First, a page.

The Internet is the disruptive infrastructure category of our time. The fact that many of the initial technologies of the Internet were supported by government spending suggests a comparison to the Interstate Highway System, but I think the more telling pairing is with the growth of the U.S. railway network. The addition of more connections to the network makes the network as a whole more useful and valuable whether it’s the Internet or the rail net. The move from primitive steam-driven locomotives to faster and more powerful steam engines able to pull more freight and deliver it faster is similar to the increased speeds of Internet connections enabling faster on-demand services. And then on the rail side there came diesels, and boxcars with tracking chips and computerized logistics.  And on the Internet side cloud-based services, and app stores, and virtual networks.

I’d say that the Internet infrastructure is still under construction by companies such as Akamai Technologies (AKAM), Rackspace Hosting (RAX), VMware (VMW), Google (GOOG), Amazon.com, Cisco Systems (CSCO), and Netflix (NFLX.)

But you don’t have to go all high tech to find infrastructure opportunities. The most interesting over the next year might be in gravel, or to get more technical, construction aggregates.

Major portions of the Interstate Highway System are now 50 years old. At this age you can’t just slap another layer of asphalt or concrete on the road surface. You actually have to rebuild the roadbed of crushed stone that supports the road surface. As a highway ages, the surface cracks and buckles. That lets water into the roadbed and produces cracks and holes in the roadbed itself. Paving over those holes at the surface won’t any longer do the job since the holes in the underlying layer of stone cause the surface to break and buckle again.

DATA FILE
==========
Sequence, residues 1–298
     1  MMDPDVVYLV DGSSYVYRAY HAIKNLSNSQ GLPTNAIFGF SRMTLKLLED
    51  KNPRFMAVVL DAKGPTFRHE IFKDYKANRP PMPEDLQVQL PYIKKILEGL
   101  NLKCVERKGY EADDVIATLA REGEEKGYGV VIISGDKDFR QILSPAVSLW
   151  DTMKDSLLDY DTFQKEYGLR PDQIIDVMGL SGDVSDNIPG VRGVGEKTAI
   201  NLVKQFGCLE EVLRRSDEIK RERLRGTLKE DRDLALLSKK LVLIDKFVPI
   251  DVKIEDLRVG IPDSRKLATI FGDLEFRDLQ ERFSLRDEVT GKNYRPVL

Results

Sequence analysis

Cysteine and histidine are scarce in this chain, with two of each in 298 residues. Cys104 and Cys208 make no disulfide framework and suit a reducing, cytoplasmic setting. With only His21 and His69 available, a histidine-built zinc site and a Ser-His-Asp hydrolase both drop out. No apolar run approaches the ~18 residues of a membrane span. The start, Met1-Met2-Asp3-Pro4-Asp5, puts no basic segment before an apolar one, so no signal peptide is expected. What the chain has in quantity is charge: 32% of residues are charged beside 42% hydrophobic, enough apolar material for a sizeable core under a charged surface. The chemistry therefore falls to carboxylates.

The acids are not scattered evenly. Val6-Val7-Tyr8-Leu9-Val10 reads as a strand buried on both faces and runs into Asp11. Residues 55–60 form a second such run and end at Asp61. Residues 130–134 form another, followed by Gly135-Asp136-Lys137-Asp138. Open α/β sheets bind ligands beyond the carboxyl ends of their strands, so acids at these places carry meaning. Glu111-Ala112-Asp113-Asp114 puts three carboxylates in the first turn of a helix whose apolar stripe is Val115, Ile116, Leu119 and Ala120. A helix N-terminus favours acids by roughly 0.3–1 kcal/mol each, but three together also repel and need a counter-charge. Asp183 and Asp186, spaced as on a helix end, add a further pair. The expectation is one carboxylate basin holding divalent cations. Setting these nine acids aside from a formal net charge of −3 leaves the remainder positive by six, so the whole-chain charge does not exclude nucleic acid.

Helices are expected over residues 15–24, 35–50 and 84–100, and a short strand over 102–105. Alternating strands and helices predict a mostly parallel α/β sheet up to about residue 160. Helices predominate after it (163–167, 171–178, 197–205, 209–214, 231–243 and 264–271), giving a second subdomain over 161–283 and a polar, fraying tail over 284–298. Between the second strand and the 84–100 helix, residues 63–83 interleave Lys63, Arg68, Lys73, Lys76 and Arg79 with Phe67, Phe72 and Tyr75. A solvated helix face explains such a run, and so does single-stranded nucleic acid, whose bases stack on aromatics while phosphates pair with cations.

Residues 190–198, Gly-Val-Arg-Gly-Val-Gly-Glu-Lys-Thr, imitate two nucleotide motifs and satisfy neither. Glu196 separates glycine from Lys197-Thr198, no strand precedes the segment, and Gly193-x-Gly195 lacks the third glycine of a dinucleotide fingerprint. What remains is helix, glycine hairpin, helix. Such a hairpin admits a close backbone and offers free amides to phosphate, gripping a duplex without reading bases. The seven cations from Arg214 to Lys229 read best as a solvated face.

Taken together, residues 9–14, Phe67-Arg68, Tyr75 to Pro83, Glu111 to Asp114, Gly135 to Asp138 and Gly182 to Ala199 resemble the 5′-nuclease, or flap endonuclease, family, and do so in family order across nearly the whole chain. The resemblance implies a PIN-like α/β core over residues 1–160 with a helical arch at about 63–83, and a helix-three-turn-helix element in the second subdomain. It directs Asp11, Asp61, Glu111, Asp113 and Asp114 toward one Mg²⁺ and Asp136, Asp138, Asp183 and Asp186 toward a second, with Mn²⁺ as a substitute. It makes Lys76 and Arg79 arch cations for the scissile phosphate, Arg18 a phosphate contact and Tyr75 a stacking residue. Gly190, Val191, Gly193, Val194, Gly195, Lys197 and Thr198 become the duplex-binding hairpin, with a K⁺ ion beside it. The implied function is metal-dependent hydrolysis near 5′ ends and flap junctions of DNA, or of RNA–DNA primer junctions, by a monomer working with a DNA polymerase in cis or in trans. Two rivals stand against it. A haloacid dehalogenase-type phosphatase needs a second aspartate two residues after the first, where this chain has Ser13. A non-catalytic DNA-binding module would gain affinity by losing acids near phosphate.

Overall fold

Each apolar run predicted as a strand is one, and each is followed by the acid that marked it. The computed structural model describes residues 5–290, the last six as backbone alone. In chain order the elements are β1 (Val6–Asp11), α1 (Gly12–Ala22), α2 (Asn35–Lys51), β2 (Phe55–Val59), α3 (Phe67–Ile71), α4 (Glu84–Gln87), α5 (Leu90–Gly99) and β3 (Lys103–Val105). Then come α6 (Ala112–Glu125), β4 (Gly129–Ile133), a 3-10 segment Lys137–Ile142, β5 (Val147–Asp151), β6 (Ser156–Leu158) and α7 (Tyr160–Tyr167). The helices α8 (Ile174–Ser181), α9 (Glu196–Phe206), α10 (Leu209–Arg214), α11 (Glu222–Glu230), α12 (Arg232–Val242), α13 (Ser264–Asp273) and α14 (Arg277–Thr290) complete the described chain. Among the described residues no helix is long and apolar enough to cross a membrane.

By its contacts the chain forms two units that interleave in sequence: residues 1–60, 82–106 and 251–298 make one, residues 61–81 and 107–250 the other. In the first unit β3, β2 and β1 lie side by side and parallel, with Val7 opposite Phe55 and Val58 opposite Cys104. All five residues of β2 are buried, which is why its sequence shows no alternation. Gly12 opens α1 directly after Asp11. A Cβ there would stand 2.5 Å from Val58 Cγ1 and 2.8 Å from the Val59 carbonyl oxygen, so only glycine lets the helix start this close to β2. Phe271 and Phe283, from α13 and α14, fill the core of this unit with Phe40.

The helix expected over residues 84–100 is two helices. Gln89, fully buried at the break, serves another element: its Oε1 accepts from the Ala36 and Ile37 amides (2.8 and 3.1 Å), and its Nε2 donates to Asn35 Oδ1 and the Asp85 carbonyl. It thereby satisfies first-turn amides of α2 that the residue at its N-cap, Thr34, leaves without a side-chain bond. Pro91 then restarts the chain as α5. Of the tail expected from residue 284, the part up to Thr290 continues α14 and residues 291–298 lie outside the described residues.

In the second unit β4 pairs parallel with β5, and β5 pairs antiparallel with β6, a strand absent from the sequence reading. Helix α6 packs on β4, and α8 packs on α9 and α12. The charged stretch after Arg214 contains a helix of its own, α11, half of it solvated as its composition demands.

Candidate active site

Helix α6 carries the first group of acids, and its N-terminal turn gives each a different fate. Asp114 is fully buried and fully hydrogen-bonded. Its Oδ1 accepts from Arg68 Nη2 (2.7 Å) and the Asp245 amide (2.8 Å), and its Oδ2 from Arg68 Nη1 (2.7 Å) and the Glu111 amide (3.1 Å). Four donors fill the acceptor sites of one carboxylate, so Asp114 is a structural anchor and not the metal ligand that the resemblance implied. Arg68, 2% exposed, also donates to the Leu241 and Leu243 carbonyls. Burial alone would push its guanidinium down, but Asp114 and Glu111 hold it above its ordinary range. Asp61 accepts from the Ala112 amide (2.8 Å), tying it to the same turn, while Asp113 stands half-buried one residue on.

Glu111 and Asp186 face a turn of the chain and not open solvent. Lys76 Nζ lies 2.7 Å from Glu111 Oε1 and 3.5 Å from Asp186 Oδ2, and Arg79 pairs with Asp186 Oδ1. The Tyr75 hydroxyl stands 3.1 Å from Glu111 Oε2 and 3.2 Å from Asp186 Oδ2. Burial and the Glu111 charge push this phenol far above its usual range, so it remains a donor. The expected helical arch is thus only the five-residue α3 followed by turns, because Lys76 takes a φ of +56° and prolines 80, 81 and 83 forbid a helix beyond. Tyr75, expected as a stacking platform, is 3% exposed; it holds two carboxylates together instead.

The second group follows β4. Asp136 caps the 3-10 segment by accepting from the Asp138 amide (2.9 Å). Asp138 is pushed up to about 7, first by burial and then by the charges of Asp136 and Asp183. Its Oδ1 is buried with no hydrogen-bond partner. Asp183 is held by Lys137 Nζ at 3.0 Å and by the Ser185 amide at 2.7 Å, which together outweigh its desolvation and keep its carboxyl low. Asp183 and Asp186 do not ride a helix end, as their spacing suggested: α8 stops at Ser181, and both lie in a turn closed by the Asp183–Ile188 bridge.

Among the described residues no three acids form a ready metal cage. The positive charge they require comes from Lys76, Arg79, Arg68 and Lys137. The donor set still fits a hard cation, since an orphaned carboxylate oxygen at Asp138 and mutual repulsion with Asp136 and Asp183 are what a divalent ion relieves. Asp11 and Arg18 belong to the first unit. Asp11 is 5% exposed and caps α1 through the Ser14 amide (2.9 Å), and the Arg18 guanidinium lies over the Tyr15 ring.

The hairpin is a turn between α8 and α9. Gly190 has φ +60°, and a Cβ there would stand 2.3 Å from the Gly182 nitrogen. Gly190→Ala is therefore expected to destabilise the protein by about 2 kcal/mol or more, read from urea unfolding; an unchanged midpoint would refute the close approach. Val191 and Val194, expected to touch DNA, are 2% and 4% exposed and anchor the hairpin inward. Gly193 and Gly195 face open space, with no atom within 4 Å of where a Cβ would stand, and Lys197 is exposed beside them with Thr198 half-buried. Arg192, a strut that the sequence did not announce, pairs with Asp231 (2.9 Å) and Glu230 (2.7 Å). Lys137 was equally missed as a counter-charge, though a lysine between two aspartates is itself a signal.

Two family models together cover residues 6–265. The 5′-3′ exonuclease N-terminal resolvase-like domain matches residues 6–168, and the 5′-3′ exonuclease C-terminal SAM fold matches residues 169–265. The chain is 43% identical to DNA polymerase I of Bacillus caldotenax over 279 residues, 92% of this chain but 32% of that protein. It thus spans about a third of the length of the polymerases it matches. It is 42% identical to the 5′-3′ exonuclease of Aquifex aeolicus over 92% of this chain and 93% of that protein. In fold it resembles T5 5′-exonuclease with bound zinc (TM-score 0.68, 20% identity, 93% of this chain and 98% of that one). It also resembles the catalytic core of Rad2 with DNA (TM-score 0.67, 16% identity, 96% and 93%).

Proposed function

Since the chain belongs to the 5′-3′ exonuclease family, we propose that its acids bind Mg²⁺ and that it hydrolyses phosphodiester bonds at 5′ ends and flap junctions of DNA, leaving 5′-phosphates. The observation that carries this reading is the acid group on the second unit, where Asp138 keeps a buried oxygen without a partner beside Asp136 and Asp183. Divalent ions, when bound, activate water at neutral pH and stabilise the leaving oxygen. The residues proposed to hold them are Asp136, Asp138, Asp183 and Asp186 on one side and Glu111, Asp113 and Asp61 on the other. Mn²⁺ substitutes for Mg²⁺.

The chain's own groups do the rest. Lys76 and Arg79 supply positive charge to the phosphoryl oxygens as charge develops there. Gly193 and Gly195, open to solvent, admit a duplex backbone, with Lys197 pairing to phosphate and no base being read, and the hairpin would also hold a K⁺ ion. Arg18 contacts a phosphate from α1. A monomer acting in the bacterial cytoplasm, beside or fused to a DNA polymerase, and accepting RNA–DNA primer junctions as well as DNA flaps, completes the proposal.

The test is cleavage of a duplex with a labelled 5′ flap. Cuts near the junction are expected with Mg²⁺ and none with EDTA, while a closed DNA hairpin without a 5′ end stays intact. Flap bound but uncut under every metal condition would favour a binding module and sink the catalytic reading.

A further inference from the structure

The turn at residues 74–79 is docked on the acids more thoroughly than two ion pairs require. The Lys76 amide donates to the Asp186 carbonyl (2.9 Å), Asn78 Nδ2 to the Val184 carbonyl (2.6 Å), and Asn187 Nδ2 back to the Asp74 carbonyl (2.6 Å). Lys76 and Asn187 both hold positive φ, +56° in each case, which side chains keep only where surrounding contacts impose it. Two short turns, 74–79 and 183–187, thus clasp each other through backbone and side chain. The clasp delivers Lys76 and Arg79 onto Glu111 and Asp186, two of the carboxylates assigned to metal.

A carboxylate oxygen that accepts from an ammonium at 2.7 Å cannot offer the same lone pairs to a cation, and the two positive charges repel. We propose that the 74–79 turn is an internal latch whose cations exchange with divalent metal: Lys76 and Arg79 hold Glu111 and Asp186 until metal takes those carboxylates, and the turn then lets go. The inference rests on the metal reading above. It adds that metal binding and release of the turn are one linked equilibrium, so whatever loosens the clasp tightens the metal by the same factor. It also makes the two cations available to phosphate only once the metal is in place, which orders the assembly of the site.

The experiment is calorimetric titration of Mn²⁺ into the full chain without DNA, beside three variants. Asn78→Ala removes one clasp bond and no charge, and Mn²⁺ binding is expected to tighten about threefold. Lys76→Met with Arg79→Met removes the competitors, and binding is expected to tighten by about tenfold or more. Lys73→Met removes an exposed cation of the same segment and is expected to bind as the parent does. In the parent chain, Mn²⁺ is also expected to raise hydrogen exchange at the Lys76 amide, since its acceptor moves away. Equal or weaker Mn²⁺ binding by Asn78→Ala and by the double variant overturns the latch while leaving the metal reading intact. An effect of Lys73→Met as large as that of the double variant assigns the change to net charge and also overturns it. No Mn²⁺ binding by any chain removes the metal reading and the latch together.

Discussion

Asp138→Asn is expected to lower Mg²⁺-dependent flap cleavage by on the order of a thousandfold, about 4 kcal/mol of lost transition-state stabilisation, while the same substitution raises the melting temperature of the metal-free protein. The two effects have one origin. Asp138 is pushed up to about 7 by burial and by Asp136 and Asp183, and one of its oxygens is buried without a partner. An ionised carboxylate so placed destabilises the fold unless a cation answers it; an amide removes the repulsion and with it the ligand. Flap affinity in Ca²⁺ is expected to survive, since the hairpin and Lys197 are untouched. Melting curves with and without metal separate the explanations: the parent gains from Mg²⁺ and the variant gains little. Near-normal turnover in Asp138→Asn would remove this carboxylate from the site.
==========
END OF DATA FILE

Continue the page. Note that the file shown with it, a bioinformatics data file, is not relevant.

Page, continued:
All this is bad news for state highway budgets but good news for the companies that make up the $17 billion (2010 sales) aggregate industry. Production of construction aggregates fell by 37% in 2010. But 2012 looks like it was a turn around year with aggregate production climbing 1% on the recovery in the U.S. housing industry and the beginnings of a pick up in highway construction. That recovery looks likely to continue in 2013 with the housing industry continuing its climb and with more federal and state money available for highway repair.